Observations on the world today.

Monday, September 06, 2004

Anti-choice Voting 

The following is the text of a letter to the editor which I have sent to my local paper. It is what I wanted to say to the students gathered against Kerry at the rally on Saturday, only I couldn't because I had my kids with me.
To the editor:

On Saturday, Sept. 4, I attended the John Kerry rally at the Old Ft. Steuben. I would like to address the contingent of anti-choice protesters who were also in attendance (HS - Pro-life groups protest 09-05-04). Many of them carried signs reading, "You can’t be Catholic and pro-abortion."

First, I would like to let them know that I too am pro-life. As I understand his position, John Kerry is also pro-life. All of us - he, I and those who protested him - believe that the moment when life begins is ultimately at conception. And all of us believe that to indifferently abort that life prematurely is a morally objectionable decision. None of us would ever council a woman who had asked our advice that she should casually have an abortion when options like adoption and foster care exist in the world. At least for myself, not unless there were extreme circumstances such as rape or danger to her life involved.

So, in my opinion, it is unfair to try to paint John Kerry as pro-abortion. He is not. Where he and I part ways from the protesters is that he and I believe in choice. A woman’s uterus does not belong to the government. Therefore, it is not the government’s right to force a woman to incubate a fetus for nine months if she chooses not to.

Other’s who share this view are Arnold Schwarzenegger, Governor Pataki, Rudy Giuliani and Tom Ridge; all Republicans and all Catholics. In fact, 73% of all Republican voters and 80% of all Americans say that they are pro-choice (Newsweek - A Fight for the GOP’s ‘Heart and Soul’ 09-02-04). George Bush may personally be anti-choice, but he is having little sway on the American people or his own party in this regard.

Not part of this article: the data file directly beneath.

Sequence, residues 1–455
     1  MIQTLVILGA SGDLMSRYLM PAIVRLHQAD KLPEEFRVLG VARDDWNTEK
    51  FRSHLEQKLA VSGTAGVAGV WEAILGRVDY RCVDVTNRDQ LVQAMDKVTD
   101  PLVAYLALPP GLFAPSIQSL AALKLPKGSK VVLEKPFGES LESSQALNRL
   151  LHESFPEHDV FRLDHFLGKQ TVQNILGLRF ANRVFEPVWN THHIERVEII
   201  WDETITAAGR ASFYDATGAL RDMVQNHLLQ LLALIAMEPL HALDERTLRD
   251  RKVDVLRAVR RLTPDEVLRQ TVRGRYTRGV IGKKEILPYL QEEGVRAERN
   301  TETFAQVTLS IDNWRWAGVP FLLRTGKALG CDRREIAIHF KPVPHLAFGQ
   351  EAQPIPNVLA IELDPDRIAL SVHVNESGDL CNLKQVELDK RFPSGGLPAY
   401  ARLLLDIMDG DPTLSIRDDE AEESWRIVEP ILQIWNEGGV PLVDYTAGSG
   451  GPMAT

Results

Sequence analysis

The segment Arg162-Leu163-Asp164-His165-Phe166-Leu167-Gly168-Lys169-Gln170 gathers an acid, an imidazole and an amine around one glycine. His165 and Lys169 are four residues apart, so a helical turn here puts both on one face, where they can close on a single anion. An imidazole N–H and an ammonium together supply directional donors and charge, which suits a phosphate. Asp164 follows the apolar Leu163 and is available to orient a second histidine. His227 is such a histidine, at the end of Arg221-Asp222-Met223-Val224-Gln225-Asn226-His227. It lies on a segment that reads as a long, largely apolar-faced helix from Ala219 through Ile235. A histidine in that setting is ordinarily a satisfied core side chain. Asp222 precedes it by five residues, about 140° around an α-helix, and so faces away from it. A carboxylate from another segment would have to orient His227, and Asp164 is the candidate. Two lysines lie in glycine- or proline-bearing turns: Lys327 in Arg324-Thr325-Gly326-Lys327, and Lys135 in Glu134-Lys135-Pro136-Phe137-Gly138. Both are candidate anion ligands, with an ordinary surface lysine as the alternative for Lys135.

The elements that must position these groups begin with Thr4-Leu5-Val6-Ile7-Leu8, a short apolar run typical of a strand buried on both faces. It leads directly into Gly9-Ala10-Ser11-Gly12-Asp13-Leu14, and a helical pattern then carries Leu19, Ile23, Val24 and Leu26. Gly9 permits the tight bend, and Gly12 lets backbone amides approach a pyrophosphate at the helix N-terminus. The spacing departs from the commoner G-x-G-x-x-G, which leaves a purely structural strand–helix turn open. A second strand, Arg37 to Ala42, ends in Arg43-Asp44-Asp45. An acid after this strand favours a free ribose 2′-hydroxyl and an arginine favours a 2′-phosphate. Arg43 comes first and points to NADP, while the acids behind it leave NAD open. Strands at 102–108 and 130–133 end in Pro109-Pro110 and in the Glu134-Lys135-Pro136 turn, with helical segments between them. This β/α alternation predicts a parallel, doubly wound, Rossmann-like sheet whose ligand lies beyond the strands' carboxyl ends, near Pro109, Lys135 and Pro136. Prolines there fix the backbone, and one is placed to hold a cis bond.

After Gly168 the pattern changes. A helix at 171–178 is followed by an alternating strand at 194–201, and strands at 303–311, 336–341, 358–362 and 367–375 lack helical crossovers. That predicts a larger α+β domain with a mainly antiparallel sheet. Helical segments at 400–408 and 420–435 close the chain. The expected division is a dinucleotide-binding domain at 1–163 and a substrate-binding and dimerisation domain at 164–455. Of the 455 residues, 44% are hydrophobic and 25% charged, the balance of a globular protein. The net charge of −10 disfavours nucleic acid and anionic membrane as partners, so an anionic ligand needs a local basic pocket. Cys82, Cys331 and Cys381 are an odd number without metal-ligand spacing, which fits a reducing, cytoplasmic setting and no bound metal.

The one small gain Bush made toward repealing the right of a woman to choose in this last four years, his bill to outlaw so-called partial birth abortion, was challenged as unconstitutional by several states because there was no provision for protecting the life of a woman who might need to abort in this way in order to survive. And statistically, that is the only time that such a procedure is ever used. Logic alone is enough to send up that flag. What woman would ever choose this procedure contraceptively? In all likelihood, the law will probably be overturned by the supreme court.

In closing, the Catholic church has other issues too. The pope opposed the war in Iraq, and they oppose the death penalty. Knowing that George Bush flouted the pope on the first issue and that as Governor of Texas he routinely scorned the second, how can you be Catholic and vote for Bush? In fact, his brother Jeb, the Governor of Florida, actually is a Catholic, and he too supported the war and favors the death penalty. Considering that the Florida delegation at the GOP convention carried signs touting Jeb in ’08, I am forced to wonder if you one-issue Catholics will remain one-issue voters, or will you be as vociferous in your opposition to his potential candidacy?

I think that about sums it up.


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